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Tipsheet

More Dems in Disarray? Vote on Spending Bill Passes Only After Delay and as Fights Arise Over COVID Funding

AP Photo/Andrew Harnik

Update:

The U.S. House of Representatives passed the $1.5 trillion omnibus spending bill on Wednesday. As Aris Folley and Cristina Marcos reported for The Hill:

The last-minute revolt over the COVID-19 funding from Democrats angered over a GOP-demanded offset upended a delicately negotiated package between congressional leaders of both parties. 

As part of those bipartisan negotiations, the House passage of the omnibus package, which funds the federal government through September, was split in two votes so that lawmakers could register specific support for the defense spending portions.  

The House first voted 361-69 to back funding for the Pentagon, Department of Homeland Security and other national security priorities and then 260-171, with one Democrat voting "present," to adopt the provisions largely related to domestic programs.

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Headlines throughout Wednesday over the bill largely focused on infighting between Democrats over COVID relief funding and that the vote had been delayed from when it was supposed to take place earlier in the day.

Original:

While the omnibus released on Wednesday is certainly full of problematic policies, it's also a stunning reveal of Democrats in disarray. In addition to the omnibus being released on Wednesday, so was news about changes and ultimate delays. This included House Speaker Nancy Pelosi (D-CA) acknowledging she had to remove COVID relief funding from the omnibus spending bill.

While the "Dear Colleague" letter from Pelosi blamed Republican members early on, she went on to acknowledge Democrats had taken issue with the proposal as well. As her letter from March 9 read in part:

Republicans resisted this deeply needed funding, demanding that every cent requested by the Administration be offset, including through state and local funds scheduled to be released this spring.  Democrats fought to ensure that no localities saw their funding cuts, while negotiating that only half of the Administration’s $15 billion request be offset through remaining funds from expired programs.

Because of Republican insistence — and the resistance by a number of our Members to making those offsets — we will go back to the Rules Committee to remove COVID funding and accommodate the revised bill.  We must proceed with the omnibus today, which includes emergency funding for Ukraine and urgent funding to meet the needs of America’s families.

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Reporting from Mike Lillis and Aris Folley with The Hill highlighted how it was ultimately a revolt from Democratic members. 

According to their report:

Pelosi placed the blame largely on Republicans, but it was irate members of her own caucus who ultimately forced her hand. 

The move came after a tumultuous morning of internal talks between Pelosi, leaders of the Appropriations Committee and other key panels, and a number of lawmakers who were up in arms that the $1.5 trillion omnibus spending package — released just hours earlier — proposed to offset $15.6 billion in new COVID-19 spending by clawing back unspent money sent to certain states as part of the $1.9 trillion coronavirus relief bill signed by President Biden one year ago.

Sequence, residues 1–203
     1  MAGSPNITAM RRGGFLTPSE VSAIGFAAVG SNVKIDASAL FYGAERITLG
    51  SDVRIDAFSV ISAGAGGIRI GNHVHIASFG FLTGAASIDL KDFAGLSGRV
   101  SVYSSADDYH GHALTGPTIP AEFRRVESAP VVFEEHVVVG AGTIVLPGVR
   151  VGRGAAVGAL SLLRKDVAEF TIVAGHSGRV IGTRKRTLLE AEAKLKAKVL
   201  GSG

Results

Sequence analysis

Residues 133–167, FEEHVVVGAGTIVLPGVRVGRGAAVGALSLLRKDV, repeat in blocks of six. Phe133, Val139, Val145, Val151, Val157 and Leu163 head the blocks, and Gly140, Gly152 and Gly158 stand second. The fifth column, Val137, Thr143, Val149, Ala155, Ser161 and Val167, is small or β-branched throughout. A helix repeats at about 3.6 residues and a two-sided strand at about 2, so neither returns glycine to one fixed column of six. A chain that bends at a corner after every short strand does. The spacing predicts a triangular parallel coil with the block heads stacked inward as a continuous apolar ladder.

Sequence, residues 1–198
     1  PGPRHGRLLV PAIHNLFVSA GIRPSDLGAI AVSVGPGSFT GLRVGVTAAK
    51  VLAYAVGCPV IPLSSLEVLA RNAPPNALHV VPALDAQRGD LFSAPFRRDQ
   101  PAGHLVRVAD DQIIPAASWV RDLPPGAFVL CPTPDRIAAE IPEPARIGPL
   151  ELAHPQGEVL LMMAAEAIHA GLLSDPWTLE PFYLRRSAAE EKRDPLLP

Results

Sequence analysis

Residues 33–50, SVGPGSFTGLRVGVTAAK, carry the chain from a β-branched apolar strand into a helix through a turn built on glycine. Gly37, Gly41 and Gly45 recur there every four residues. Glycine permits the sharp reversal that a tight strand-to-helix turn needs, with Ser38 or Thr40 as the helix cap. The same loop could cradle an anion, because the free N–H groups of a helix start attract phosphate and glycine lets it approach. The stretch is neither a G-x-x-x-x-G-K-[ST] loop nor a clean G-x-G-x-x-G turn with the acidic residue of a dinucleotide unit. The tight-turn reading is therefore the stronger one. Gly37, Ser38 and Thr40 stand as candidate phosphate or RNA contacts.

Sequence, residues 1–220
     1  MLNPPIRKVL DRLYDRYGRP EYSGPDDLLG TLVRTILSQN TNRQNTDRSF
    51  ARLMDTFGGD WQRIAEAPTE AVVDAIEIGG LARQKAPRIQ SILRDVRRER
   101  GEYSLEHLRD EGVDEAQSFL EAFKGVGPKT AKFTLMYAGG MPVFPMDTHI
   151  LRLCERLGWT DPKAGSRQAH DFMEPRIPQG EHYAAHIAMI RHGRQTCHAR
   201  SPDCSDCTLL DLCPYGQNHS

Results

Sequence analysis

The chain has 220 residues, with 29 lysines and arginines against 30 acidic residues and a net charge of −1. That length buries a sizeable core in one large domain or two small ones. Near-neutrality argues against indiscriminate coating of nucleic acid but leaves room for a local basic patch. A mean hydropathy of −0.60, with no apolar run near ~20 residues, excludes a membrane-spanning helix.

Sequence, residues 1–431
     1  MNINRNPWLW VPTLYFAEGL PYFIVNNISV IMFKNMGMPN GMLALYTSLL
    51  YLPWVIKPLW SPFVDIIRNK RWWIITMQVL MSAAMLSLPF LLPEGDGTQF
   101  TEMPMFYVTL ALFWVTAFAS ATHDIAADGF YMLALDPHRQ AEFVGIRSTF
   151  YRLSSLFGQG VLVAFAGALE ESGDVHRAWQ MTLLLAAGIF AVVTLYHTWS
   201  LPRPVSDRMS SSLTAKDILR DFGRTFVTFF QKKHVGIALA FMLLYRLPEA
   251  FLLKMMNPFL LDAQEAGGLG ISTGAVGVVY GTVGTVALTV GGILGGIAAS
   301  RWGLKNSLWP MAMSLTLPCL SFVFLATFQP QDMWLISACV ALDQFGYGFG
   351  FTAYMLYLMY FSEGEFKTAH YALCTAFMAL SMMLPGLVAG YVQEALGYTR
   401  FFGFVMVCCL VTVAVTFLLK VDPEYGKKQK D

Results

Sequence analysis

It was lawmakers from those states who threatened to block passage of the omnibus unless the clawback provision was removed.

Despite how Pelosi warned in the letter that "We must proceed with the omnibus today," Marisa Schultz subsequently reported for Fox News that the vote was delayed. Schultz's reporting also made reference to Democrats in disarray when it comes to COVID funding.

As Schultz mentioned:

Members told Fox News Digital that delays surrounding the bill have to do with major concerns about coronavirus funding, as well as defense spending levels and the short amount of time to review the contents of the 2,741-page measure just hours before they were expected to approve it.  

"They're learning some of the things for the first time of what's in the bill and what's not in the bill," said Rep. Bill Pascrell, D-N.J. "That's your biggest problem."  

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Members such as Reps. Lisa McClain (R-MI) and Chip Roy (R-TX) highlighted the monstrosity of the bill, in the size and some of the outrageous proposals. 

Of particular concern for some members, for instance, has to do with the 2nd Amendment when it comes to the "NICS DENIAL NOTIFICATION ACT OF 2022," included in the "TITLE XI—LAW ENFORCEMENT TOOLS TO ENHANCE PUBLIC SAFETY" section.

According to the omnibus spending bill, local law enforcement would be empowered to open criminal investigations into those who fail a background check. 

Democratic members were also forced to delay their conference retreat in Philadelphia, which included some rather interesting agenda items.

The news of the delay was mocked by Rep. Jim Banks (R-IN), who chairs the Republican Study Committee (RSC). 

The omnibus also contains another loss for Democrats, as I highlighted earlier on Wednesday, in that it includes the Hyde Amendment, a budget rider which has passed every year since 1976 to protect taxpayers from having to fund elective abortions. 

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Congress must pass a government spending bill by Thursday night, or else risk facing a government shutdown on Friday, March 11. 

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